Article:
It’s been a crazy weekend here in Oklahoma, largely because the neighbor kids found a turtle.
Just a little three-toed box turtle that had been living in the bushes on the side of their house. They came over to show it to me as soon as I went out to water the garden.
“We’re going to keep it!” They told me gleefully.
And it may be a sign of my impending emotional breakdown that I spent the rest of the day and most of the night worrying about the turtle.
See, I didn’t know it was a three-toed box turtle when they shoved it in my face. I came in, did a little bit of Internet research, figured out what it was, and then read that they don’t do well in captivity because they are picky eaters…which is also why there is a growing concern about them becoming “locally depleted” in Oklahoma.
Now, please understand, I’m an animal lover but not an animal activist…and if I were 7 and 2 like the neighbor kids, I would have wanted to keep the turtle too. The problem is, I already spend a lot of time worrying whether or not the neighbor kids are being taken care of–I have gently intervened when they were trying to jump on the trampoline (no guard around it by the way) on their BIKES, when they were trying to create some bizarre waterslide with the slip and slide and the trampoline, and when they were trying to climb over the fence into the other neighbor’s yard to play with the “nice” Doberman. These are not children who are well-supervised.
Basically, I figured that, in their care, the poor turtle had the same life expectancy as an ice cream cone.
So, the added stress of worrying about their emotional devastation when they inadvertently killed the turtle and worrying about the turtle himself just about sent me over the edge.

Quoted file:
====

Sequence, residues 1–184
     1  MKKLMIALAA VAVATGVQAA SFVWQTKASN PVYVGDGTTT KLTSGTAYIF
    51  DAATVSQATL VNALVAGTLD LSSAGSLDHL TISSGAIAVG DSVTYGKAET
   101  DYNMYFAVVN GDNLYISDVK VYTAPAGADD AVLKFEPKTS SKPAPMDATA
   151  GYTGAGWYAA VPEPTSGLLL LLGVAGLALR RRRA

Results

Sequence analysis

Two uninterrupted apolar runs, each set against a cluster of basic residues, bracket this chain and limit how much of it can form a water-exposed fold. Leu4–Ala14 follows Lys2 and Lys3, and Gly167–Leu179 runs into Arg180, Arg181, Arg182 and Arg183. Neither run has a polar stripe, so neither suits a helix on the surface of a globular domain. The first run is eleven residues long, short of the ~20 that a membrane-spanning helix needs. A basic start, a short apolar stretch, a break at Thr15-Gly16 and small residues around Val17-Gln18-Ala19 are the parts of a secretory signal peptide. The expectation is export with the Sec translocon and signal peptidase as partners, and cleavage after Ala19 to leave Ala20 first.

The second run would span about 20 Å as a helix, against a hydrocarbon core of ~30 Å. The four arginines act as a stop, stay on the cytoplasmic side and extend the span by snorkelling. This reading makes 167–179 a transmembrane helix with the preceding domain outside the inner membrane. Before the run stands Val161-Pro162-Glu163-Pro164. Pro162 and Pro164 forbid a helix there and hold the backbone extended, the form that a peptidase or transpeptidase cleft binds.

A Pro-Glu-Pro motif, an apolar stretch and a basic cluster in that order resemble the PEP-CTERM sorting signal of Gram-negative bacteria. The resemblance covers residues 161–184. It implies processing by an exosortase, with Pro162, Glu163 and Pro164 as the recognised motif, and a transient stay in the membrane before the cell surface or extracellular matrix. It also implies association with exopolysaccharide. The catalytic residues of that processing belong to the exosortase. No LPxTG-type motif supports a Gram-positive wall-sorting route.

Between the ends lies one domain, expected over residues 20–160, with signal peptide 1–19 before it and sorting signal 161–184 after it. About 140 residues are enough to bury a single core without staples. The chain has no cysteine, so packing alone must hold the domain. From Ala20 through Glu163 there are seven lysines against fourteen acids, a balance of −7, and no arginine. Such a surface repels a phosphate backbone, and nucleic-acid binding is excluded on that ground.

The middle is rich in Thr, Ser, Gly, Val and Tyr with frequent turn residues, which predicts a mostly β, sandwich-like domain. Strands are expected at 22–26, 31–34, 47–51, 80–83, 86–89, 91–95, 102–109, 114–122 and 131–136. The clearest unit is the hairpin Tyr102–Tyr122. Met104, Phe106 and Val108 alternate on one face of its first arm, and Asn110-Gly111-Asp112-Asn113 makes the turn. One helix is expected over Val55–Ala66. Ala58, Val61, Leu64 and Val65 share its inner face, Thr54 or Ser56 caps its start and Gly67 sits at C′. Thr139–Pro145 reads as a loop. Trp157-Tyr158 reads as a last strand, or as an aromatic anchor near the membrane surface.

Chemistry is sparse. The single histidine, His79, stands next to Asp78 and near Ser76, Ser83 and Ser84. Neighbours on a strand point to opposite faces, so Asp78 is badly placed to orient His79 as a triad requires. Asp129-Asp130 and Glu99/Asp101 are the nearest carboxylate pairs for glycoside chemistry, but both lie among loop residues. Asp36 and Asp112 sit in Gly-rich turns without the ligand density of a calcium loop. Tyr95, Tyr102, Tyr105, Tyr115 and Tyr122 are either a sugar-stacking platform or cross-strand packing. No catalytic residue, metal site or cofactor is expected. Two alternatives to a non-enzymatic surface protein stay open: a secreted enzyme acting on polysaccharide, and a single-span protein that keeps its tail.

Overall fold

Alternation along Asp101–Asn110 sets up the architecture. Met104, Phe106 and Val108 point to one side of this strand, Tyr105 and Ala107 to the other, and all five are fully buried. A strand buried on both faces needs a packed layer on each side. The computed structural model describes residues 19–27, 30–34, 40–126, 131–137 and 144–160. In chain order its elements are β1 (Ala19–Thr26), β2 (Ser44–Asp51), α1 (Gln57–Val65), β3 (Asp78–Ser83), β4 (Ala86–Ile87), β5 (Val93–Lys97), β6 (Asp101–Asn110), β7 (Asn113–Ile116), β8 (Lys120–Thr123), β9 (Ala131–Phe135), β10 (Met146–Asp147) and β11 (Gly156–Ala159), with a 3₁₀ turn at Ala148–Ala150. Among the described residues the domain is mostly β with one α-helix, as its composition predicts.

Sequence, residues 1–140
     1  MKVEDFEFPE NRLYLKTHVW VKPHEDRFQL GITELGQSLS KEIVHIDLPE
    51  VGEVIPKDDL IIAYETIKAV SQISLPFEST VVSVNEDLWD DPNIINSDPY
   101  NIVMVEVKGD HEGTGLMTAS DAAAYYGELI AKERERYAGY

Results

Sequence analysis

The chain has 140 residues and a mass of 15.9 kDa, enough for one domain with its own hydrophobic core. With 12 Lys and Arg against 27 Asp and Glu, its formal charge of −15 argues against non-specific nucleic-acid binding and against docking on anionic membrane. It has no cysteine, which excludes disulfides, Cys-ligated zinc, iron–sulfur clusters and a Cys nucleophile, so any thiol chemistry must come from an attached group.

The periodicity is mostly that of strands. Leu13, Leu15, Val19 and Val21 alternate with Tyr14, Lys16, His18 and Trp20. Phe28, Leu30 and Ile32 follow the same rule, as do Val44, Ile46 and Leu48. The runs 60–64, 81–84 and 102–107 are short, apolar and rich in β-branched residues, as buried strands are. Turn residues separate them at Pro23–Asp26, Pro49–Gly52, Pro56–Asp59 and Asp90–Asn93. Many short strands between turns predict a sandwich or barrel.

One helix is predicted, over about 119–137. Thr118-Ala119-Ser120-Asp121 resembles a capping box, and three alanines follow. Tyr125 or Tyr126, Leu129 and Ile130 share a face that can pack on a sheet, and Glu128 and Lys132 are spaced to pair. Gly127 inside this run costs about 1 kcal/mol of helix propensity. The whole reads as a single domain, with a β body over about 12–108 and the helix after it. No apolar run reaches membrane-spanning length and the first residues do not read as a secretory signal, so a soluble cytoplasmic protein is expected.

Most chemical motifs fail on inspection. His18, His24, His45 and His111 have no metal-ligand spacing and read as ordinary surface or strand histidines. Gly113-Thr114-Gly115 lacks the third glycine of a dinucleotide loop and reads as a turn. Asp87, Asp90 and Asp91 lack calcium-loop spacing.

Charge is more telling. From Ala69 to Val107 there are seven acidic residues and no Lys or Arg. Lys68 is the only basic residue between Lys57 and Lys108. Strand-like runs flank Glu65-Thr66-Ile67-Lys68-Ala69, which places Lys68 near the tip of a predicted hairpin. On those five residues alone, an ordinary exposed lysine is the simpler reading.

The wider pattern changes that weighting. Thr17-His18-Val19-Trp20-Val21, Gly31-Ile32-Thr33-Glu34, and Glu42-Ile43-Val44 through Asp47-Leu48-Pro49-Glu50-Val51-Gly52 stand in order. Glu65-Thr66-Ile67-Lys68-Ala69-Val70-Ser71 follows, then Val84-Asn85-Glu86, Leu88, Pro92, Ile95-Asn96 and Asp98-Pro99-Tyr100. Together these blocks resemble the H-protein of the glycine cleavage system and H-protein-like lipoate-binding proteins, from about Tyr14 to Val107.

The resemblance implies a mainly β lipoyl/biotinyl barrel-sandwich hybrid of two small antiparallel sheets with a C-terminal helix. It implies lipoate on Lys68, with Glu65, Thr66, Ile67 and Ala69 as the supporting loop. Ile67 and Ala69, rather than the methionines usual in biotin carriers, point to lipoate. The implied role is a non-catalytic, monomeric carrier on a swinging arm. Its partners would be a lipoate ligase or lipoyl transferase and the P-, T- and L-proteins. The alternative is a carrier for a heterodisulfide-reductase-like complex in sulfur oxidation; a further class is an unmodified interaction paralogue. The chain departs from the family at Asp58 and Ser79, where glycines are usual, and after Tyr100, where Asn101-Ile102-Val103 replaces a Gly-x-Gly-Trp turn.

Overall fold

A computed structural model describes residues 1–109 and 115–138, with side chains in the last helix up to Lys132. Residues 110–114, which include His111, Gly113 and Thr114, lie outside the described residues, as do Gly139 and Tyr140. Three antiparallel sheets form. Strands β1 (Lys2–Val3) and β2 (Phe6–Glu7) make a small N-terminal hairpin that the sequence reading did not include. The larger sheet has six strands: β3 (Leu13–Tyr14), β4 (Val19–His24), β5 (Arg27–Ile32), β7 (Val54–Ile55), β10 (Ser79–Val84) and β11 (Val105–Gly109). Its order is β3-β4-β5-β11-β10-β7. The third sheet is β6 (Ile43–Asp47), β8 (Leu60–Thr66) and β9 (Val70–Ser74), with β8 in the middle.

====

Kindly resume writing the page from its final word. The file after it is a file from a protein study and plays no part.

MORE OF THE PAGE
First, I made a few subtle suggestions that they should release the turtle…and that the turtle didn’t want to jump on the trampoline…and that the Doberman next door didn’t want to be friends with the turtle…and so on.
Then, when that didn’t work, I spent a little too much time, in Opie’s opinion, peeking out the window at the kids with the turtle. But that’s only because he didn’t realize I was just doing recon to see where they were going to keep the turtle when they went in for the night–a large blue bucket.
And I must say that he was fairly unimpressed with my elaborate Turtle Rescue Mission…in fact, he seemed to think it was borderline psychotic.
“It’s supposed to storm tonight,” I told him. “What we’ll do is wait until the middle of the night, then when it’s raining really hard, sneak over and grab the turtle and just put the bucket on its side. They’ll think the storm blew it over…they’ll forget about the turtle, the turtle will be safe and–“
“You’re losing it,” he said.
And flat out refused to take part in what he called Turtle-Gate.
Which made it impossible to implement my plan because I don’t really feel comfortable sneaking into the neighbor’s backyard without a lookout.
I mean, I wanted to save the turtle and all but I didn’t want to get arrested to do it.
Or, considering this IS Oklahoma, shot.
So, this morning, I got up bright and early and went out to water the garden again…and just kept staring at that stupid blue bucket. No one was up over at the neighbors’, as far as I could tell, and the bucket was just sitting there…and I kept debating in my head whether the kids needed this little turtle in their lives, if they would be more devastated if the turtle escaped or if it died, if I had some sort of moral imperative to save a defenseless turtle…
In retrospect, maybe Opie’s right and I do obsess about these things a little too much.
In any case, I finally decided that if no one was up by the time I was finished watering the garden that I could take that as a sign that God wanted me to rescue the turtle.
Which now has all my Christian friends shaking their heads at me…yes, I am well aware that we aren’t supposed to ask God for signs, much less outline the exact sign we’re looking for. But with the state of the world today, I suspect God has more pressing concerns than my turtle-induced hysteria. I was trying to save Him some time.
And you know what?
He must have appreciated my efforts because look what was right outside my garden–well away from the well-meaning but dangerous hands of the neighbor kids:
In summary, the turtle is free, I am un-jailed and not shot, Opie is relieved but waiting nervously for my next obsessive freak out, and the neighbor kids are unscathed. Plus I have new respect for the neighbor kids’ grandmother who said “He must have climbed out of the bucket” with a straight face when they asked her what could have happened.
You can’t ask for much more than that.